8. House Rules by Jodi Picoult - fiction, about autism - my "over 500 pages" book.  This is the second book I've read by this author and I'm impressed.  (The first I read of hers was The Storyteller, which was my favorite book from last year. That's saying a lot considering I read somewhere around 65 books.)  This was a very disturbing book for me to read, as the mother of a boy with autism.  That's often the case when the subject is autism.  I had the same problem with The Rosie Project.  In House Rules, the kid gets tried for murder, and all his autistic mannerisms make him look incredibly guilty.  It also gave me a lot to think about as to what it is like to have a sibling on the spectrum.

9. Mr. Churchill's Secretary by Susan Elia MacNeal - fiction - "book set in a different country."  This was the book of the month for the daytime book club at the library.  It wasn't at all what I was expecting - it's basically a fictional spy thriller - but it was so good.  I really liked this one.  I also found out it's the first in a series, so I'm looking forward to reading more.  (People in the marketing department are getting tricky.  They put the preface and first chapter of the next book at the end of the first one, so you're hooked before you even put the first book down - ha).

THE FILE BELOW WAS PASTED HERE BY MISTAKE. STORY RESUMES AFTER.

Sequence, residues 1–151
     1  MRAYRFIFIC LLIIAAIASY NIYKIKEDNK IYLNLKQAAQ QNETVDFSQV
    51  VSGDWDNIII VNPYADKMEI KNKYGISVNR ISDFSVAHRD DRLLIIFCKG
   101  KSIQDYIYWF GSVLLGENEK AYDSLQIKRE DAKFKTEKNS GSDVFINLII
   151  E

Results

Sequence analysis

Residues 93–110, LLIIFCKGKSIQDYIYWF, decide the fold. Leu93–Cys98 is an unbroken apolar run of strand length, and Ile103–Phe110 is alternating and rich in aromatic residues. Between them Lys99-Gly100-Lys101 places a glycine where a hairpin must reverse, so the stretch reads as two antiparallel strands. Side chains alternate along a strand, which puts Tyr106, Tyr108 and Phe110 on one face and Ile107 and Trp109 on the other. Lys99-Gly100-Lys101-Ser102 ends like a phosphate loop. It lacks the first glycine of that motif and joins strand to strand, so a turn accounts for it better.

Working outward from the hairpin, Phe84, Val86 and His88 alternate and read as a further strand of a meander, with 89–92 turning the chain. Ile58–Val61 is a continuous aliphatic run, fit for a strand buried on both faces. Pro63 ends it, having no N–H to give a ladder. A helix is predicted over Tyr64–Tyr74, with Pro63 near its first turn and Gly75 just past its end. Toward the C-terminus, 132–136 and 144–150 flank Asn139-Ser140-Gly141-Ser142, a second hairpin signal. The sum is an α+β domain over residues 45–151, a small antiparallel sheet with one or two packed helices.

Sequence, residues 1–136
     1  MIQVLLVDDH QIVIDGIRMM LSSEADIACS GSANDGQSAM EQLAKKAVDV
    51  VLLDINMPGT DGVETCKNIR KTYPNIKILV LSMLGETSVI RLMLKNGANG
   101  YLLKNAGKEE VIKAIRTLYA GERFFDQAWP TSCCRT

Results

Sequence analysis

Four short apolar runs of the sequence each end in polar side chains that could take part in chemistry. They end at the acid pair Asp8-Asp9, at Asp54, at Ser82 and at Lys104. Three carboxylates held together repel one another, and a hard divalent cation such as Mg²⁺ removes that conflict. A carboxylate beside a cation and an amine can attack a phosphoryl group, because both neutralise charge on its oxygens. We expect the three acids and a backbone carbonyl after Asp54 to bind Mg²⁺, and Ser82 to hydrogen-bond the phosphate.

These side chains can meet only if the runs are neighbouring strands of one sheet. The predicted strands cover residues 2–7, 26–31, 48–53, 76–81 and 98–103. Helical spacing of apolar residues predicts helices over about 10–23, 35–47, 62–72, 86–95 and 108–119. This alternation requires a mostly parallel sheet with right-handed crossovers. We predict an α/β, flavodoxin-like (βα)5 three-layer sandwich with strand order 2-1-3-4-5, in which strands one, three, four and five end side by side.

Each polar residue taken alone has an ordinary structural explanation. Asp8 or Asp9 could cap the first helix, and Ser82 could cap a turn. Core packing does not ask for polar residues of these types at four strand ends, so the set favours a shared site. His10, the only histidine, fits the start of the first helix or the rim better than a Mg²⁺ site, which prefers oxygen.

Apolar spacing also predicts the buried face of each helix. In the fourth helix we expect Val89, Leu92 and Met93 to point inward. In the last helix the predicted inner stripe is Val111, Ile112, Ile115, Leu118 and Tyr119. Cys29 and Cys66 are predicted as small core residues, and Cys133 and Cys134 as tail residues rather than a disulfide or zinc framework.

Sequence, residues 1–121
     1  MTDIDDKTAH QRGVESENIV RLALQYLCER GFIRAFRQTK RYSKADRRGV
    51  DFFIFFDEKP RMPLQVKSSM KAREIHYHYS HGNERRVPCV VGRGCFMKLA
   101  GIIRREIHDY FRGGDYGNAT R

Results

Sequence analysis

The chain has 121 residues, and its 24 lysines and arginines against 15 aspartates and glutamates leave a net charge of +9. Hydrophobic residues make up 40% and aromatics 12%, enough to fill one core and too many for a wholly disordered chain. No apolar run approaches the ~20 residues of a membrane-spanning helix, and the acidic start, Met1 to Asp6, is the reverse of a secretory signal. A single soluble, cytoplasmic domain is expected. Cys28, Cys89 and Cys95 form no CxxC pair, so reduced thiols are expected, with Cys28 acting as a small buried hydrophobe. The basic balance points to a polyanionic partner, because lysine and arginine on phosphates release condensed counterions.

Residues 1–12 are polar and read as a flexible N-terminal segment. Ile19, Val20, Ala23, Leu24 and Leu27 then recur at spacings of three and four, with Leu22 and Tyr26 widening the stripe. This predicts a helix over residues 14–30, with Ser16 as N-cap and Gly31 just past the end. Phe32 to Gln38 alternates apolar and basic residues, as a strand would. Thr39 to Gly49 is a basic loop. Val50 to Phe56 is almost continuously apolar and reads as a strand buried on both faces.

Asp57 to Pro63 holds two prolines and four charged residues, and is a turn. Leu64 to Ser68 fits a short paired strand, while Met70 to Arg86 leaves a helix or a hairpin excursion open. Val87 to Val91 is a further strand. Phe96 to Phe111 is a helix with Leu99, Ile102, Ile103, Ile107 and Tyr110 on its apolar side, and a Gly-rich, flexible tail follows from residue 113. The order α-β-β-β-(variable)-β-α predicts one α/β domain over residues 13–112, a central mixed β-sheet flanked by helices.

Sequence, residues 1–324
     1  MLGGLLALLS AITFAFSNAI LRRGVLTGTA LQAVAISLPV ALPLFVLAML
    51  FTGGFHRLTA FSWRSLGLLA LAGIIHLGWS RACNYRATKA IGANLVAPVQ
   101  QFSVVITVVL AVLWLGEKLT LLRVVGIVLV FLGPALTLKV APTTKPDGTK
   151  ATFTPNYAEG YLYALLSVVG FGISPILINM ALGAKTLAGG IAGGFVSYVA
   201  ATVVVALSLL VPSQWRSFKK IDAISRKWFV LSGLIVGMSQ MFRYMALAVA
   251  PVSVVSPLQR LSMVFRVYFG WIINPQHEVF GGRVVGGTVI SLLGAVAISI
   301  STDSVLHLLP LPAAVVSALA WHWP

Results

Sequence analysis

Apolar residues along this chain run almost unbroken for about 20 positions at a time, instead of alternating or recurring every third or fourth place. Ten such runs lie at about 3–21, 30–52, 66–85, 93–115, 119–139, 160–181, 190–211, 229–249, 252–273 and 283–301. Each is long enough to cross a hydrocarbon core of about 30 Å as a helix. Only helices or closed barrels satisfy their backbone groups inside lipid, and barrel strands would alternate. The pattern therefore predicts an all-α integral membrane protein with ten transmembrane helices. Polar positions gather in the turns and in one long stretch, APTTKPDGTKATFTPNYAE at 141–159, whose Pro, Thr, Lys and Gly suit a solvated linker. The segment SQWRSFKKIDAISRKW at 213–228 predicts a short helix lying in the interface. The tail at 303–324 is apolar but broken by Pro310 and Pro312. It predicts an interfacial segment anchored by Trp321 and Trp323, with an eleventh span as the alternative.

10. The Curious Incident of the Dog in the Night-Time by Mark Haddon - fiction, another autism book.  I read this one on my phone to fulfill the category "downloaded from Overdrive."  It was nice to have a book with me all the time, but it killed my battery and I had to force myself to finish it on the phone rather than picking up the real book, which I much prefer.  I wasn't as impressed with this story as the others related to autism.  I think this one seemed a little more difficult to believe.  But still, an interesting story.

Because of the "Book Bingo" challenge for our library's adult reading program, all of these books were ones that fit into squares on that chart.  I'm determined to not read anything that doesn't fit on the bingo card until after the contest ends on May 31.

I had been using the Post-it notes because so many of the books could go in more than one category, and I wanted to have the flexibility to incorporate all of my book club books from the two local book clubs I attend.  There were six of them, and I didn't know what they would be ahead of time.  Well, now that I know what books we are reading for the book clubs, I decided to commit to my plan, and filled out the original form with permanent marker.  It sure is easier to read.

I have seven more spaces to fill, and I'm nearly done with one of those, and the center square is a very short book I should be able to read in an hour or two.  May is going to be a very busy month, so it will still be a challenge, but it should be doable. There's no pressure though. We don't have to fill in every slot.  We just get an entry into a drawing for an Amazon gift card for each Bingo we get.  So that should be 12 entries if they count diagonal Bingos.  And I probably still won't win the gift card - ha.  But it's a challenge I set out to complete for my own satisfaction, and I'll be happy with that.